The ship’s horn sounds once as the MV Puyallup pulls away from the dock. Dozens of vehicles line the decks below, while hundreds of people settle into the booths and tables on the passenger decks of the 450ft Seattle ferry. The smell of diesel fuel briefly wafts through the cabin.
The commute from Bainbridge Island to Seattle only takes 35 minutes on the Jumbo Mark II vessel, one of the largest Washington ferries. But during that time, the ship will burn approximately 250 gallons of diesel fuel, and as much as 5,000 gallons for the 10 round-trip passages it sails daily. That’s all about to change. The Washington ferries are preparing to switch from diesel to battery power — becoming the world’s largest hybrid-powered, car-carrying ferries.
The maritime transport industry is notoriously dirty. About 70% of its emissions occur within 250 miles of land, exposing coastal cities, like Seattle, to health dangers associated with pollutants.
Matt von Ruden, the Director of Vessel Engineering and Maintenance for Washington State Ferries, says the timing couldn’t be better. The fleet is due for a regular equipment overhaul anyway. Why not take the opportunity to upgrade to a more environmentally-friendly design? Prompted by Governor Inslee’s executive order that launched Washington Maritime Blue, a sustainable maritime initiative, von Ruden began drafting the plan.
The first goal is to convert the state’s three largest Washington ferries, which carry as many as 2,499 people and 202 vehicles, from diesel-only to hybrid diesel-electric. Each Jumbo Mark II has four engines, totaling 16,000 horsepower. These “gas-guzzlers” drive generators, which keep the batteries topped up. By 2050, two of those engines will be gone, and in their place will be a large bank of lithium batteries — transforming North America’s largest ferry system to an eco-conscious ride.
Von Ruden says reconfiguring the docking terminal to rapidly recharge the batteries while passengers depart and board will be the biggest challenge. Washington ferries don’t dock in a typical fashion, alongside a dock (like parallel parking by a curb). Instead, they nose into a docking station with either end of the boat. That is where they will tap into the state’s power grid.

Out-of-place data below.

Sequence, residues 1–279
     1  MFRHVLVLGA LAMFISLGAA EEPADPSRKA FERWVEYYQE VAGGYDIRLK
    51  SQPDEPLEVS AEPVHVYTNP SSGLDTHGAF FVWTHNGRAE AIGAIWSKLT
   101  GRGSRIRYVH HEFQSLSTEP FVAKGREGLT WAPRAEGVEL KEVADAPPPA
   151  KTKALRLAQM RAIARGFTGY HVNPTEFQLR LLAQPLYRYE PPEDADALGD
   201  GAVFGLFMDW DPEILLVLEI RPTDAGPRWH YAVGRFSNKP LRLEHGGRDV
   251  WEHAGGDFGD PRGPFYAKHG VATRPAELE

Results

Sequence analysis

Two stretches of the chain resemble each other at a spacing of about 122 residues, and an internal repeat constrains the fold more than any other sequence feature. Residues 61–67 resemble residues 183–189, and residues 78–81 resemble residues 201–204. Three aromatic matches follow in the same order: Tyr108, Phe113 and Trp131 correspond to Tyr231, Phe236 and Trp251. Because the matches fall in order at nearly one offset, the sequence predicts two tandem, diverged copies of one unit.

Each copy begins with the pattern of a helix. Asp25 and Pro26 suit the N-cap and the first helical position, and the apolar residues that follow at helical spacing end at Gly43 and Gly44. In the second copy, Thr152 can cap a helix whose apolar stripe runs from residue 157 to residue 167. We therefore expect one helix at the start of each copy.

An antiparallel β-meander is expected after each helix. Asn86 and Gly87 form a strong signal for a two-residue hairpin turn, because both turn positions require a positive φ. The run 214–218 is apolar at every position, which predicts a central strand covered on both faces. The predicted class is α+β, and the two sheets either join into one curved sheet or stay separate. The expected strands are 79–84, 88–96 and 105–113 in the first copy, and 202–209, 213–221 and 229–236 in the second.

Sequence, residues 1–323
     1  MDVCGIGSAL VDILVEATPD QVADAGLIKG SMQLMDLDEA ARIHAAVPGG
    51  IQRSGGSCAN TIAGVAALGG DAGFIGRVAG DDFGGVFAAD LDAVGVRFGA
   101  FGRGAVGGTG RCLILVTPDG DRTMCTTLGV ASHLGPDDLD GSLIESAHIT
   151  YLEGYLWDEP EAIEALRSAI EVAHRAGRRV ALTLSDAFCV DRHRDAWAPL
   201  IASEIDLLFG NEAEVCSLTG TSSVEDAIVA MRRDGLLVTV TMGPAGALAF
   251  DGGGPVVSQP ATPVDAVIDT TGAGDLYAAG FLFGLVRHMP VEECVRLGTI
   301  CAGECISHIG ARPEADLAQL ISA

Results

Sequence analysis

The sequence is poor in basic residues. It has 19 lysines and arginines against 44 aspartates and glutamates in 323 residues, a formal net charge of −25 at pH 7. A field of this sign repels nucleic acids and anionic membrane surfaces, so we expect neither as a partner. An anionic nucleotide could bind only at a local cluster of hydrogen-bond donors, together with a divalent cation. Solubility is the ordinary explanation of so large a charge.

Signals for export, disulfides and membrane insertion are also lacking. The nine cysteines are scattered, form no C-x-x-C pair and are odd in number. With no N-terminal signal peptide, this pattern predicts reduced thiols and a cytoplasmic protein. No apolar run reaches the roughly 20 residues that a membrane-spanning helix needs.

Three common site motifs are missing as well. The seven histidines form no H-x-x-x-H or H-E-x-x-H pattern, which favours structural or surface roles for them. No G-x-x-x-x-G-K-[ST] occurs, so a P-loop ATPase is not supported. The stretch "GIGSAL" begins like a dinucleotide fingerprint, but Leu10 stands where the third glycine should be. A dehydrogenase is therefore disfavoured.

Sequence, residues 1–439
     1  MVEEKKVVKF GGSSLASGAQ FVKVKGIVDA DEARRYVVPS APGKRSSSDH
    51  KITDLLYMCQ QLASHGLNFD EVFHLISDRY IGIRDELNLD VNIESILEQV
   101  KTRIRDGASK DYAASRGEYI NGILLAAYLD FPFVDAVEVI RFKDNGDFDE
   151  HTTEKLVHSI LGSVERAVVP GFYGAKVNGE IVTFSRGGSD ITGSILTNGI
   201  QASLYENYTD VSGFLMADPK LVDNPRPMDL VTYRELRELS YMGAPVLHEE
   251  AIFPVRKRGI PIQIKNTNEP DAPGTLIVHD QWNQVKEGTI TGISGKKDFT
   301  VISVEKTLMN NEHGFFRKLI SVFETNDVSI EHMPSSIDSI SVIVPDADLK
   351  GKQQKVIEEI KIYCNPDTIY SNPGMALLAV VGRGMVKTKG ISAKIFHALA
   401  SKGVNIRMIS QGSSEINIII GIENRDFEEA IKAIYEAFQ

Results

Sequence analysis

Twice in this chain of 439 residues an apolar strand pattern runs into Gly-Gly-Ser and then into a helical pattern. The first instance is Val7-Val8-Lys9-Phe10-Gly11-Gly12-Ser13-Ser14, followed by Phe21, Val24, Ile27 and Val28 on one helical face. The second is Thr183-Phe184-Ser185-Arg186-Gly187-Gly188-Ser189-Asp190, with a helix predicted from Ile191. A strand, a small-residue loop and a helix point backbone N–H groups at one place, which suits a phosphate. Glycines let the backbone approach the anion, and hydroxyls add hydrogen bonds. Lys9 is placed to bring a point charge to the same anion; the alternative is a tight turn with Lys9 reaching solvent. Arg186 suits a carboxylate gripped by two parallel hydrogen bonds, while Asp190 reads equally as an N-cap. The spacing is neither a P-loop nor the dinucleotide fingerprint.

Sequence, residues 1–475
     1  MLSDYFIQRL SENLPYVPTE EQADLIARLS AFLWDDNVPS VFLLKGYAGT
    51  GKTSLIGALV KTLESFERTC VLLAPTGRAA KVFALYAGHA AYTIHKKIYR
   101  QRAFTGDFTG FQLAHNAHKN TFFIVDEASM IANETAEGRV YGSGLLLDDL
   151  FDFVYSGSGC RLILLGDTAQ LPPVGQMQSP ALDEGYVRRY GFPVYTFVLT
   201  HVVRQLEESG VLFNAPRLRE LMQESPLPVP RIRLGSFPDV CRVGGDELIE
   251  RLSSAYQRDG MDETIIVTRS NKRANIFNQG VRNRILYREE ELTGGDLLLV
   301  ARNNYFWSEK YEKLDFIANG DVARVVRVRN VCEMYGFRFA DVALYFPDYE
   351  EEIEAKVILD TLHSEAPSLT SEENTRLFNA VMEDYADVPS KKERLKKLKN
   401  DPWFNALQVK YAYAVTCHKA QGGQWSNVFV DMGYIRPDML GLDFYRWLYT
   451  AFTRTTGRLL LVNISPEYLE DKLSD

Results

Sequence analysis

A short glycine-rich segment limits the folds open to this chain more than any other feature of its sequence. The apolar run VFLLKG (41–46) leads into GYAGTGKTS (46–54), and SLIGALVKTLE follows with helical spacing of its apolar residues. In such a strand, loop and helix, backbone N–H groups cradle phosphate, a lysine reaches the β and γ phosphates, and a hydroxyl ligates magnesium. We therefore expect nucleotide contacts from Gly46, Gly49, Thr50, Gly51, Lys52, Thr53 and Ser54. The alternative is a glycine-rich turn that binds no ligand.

Von Ruden is assessing each ferry route, the current technology, and the needs at each terminal — looking for energy sources that would make significant reductions in total emissions.
“If (the power source) were a dirty coal plant, you’re not really doing much. Fortunately, in the Pacific Northwest, many of our utilities are sourced with renewable energy, primarily hydro-electric energy,” he says, adding that he is motivated by his two children to strive for sustainable alternatives. “This is a real opportunity to make an impact.”
The Washington ferries will be the world’s largest hybrid-powered, car-carrying ferries.
The maritime transport industry is notoriously dirty. About 70% of its emissions occur within 250 miles of land, exposing coastal cities, like Seattle, to health dangers associated with pollutants. And mitigating climate change will require tackling emissions across the transport sector.
Ferries are more ideal for this transformation than cargo ships because they have a predictable schedule, short routes, and repeatedly dock at the same place — making energy consumption consistent and offering a secure place to recharge again and again.
As electric cars have been growing in popularity for the past decade, converting the ships that carry them is a logical next step. In addition to transforming their three largest Washington ferries, the state will build five new, smaller hybrid ferries — rounding out the largest fleet of hydro-powered car ferries.